Hm... I like the idea of an agent deceiving another due to it's bounds on computational time, but could imagine many stable (though smaller) solutions that wouldn't. I'm curious if a good bayesian agent could do "almost perfect" on many questions given limited computation. For instance, a good bayesian would be using bayesianism to semi-optimally use any set of computation (assuming it has some sort of intuition, which I assume is necessary?)

On being underspecified, it seems to me like in general our models of agent cognition forever have been pretty underspecified, so would definitely agree here. "Ideal" bayesian agents are somewhat ridiculously overpowered and unrealistic.

I found the simulations around ProbMods to be interesting at modeling similar things; I think I'd like to see a lot more simulations for this kind of work.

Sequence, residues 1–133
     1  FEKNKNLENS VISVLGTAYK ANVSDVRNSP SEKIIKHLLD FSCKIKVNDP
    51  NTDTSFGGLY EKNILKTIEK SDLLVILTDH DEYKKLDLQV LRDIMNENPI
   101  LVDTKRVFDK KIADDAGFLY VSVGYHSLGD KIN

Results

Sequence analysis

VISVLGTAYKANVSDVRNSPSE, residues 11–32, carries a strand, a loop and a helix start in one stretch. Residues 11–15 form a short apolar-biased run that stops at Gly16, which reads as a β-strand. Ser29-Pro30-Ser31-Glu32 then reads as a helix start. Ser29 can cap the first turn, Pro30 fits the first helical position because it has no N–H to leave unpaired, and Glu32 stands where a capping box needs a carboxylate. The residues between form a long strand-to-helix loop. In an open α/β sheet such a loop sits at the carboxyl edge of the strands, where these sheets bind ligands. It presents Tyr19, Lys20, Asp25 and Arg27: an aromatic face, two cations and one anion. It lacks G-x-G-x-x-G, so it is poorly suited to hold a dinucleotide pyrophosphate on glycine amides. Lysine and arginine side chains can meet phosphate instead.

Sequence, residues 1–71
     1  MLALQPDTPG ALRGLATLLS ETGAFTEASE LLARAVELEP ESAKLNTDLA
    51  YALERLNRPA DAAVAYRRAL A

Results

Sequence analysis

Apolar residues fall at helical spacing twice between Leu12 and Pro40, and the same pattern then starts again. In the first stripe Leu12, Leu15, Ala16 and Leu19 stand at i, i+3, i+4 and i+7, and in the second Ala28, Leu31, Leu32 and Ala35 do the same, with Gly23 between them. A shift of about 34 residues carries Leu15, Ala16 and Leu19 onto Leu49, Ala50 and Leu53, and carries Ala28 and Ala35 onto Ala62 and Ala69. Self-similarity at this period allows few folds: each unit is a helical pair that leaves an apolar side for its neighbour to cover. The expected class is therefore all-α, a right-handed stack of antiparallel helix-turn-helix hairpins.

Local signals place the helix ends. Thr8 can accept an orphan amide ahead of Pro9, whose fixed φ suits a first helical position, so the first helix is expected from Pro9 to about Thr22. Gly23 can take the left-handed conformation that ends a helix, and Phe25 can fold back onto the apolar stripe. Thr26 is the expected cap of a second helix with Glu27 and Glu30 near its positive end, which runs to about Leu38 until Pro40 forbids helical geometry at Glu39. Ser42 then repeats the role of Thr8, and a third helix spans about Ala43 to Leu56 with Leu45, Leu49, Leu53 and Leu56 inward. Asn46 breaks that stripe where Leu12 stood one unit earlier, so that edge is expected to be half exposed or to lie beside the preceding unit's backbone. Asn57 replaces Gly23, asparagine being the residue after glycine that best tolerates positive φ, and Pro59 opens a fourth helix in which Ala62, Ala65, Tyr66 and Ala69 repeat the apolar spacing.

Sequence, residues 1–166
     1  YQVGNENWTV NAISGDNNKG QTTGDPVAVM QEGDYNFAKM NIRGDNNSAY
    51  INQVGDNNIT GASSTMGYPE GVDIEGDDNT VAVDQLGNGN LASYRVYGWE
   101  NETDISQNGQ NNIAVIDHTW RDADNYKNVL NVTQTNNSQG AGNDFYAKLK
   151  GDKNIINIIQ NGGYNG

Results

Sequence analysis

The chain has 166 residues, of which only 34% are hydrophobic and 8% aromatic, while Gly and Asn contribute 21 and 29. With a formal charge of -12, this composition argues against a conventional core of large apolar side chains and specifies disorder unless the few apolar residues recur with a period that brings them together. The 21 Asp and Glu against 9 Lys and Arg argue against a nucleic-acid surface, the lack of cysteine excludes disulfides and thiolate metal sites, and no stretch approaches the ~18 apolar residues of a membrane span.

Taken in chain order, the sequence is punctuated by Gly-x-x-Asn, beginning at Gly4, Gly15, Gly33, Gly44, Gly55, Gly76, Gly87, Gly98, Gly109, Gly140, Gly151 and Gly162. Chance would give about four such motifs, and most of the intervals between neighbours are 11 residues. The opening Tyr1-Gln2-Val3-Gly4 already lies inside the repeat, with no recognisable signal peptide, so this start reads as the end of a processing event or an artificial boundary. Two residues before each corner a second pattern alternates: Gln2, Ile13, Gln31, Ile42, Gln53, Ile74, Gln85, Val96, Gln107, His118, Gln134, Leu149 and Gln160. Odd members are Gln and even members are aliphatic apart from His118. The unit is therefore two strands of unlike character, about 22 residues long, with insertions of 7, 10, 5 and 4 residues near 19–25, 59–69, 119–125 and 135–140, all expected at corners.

https://probmods.org/

Hm... I like the idea of an agent deceiving another due to it's bounds on computational time, but could imagine many stable (though smaller) solutions that wouldn't. I'm curious if a good bayesian agent could do "almost perfect" on many questions given limited computation. For instance, a good bayesian would be using bayesianism to semi-optimally use any set of computation (assuming it has some sort of intuition, which I assume is necessary?)

On being underspecified, it seems to me like in general our models of agent cognition forever have been pretty underspecified, so would definitely agree here. "Ideal" bayesian agents are somewhat ridiculously overpowered and unrealistic.

I found the simulations around ProbMods to be interesting at modeling similar things; I think I'd like to see a lot more simulations for this kind of work. https://probmods.org/